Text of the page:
Still Life Photography for Beginners takes us into many aspects of still life photography and how we can create beautiful still lifes to sell.
In photography, intention is always important. Knowing what you want to express as an artist is part of the mind set that leads to successful still life photography outcomes.
The very basis of good still life photography is to develop your ability to create compositions.
A good sense of design is the first step — this can be learned through constant practice.
As you get better, you will be able to distinguish between a strong and weak composition. Balance is a key factor in still life photography composition. This develops as you experiment with how you place the objects in conjunction and in juxtaposition to each other.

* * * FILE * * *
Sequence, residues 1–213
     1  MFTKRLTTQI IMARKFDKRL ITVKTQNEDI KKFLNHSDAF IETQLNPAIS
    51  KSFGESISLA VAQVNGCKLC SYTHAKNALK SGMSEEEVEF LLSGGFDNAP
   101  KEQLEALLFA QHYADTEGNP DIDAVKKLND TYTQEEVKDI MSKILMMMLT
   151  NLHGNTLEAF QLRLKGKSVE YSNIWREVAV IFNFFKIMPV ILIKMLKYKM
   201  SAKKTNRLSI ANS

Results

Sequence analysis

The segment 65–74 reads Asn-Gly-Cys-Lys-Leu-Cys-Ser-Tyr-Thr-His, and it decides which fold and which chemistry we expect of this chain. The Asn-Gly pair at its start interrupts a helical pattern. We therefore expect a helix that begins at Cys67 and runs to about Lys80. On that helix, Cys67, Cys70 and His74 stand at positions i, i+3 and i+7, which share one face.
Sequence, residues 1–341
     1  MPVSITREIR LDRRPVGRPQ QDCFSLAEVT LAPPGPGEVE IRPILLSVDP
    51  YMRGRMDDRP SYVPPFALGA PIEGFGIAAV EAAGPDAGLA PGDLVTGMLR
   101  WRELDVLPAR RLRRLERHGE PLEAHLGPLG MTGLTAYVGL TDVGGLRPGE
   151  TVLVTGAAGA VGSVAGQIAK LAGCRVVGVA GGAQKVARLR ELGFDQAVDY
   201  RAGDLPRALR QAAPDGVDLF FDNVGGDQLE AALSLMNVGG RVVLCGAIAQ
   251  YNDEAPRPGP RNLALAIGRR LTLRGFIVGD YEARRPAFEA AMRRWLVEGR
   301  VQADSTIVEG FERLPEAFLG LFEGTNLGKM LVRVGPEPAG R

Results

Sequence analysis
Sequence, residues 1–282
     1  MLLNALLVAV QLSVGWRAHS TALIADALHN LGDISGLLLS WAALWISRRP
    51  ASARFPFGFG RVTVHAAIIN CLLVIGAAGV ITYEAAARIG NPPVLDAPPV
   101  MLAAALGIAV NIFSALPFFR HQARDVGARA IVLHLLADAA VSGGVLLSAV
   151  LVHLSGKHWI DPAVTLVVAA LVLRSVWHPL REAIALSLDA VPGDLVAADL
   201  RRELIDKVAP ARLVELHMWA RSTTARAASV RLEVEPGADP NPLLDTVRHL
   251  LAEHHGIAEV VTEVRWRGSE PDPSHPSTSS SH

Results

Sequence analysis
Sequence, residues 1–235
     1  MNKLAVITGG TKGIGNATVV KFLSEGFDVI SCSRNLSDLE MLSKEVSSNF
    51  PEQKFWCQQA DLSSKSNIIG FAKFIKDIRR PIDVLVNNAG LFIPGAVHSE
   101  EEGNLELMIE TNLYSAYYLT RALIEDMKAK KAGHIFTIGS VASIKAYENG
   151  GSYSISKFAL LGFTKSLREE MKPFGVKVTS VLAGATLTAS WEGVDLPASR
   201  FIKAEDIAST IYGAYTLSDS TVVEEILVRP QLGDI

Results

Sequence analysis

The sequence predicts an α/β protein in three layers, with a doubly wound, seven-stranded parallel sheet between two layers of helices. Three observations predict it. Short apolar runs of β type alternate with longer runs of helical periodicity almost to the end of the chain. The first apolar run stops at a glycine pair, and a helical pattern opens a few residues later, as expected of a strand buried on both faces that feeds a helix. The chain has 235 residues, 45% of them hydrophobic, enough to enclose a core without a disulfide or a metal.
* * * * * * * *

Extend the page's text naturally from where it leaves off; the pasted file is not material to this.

The spaces between objects have a meaning, they are referred to as negative space. Which is space that allows the viewer to breath out for a moment and contemplate what they see before moving their eyes on to the next part of the composition.
This all happens rapidly, normally we view a photograph with various movements of the eyes that cause us to repeatedly scan everything, understand, digest, look again, then find a central point in the framing and contemplate that part of the photographic still life until we feel the emotional value of the piece.
Composition in a still life photo is not only the shape and form of the objects. The colours must be either harmonious or contrasting; there must be some type of schema for the viewer to enjoy.
It’s best to study colour from the colour wheel. This allows you to develop a feeling for how colours work well together. If you intend on creating classical still life photography, then harmony is most commonly used, if you want to experiment with juxtapositions of objects and colours, then take a look at modern painters and photographers to get some good ideas how they still use the principles of colour schema to create powerful…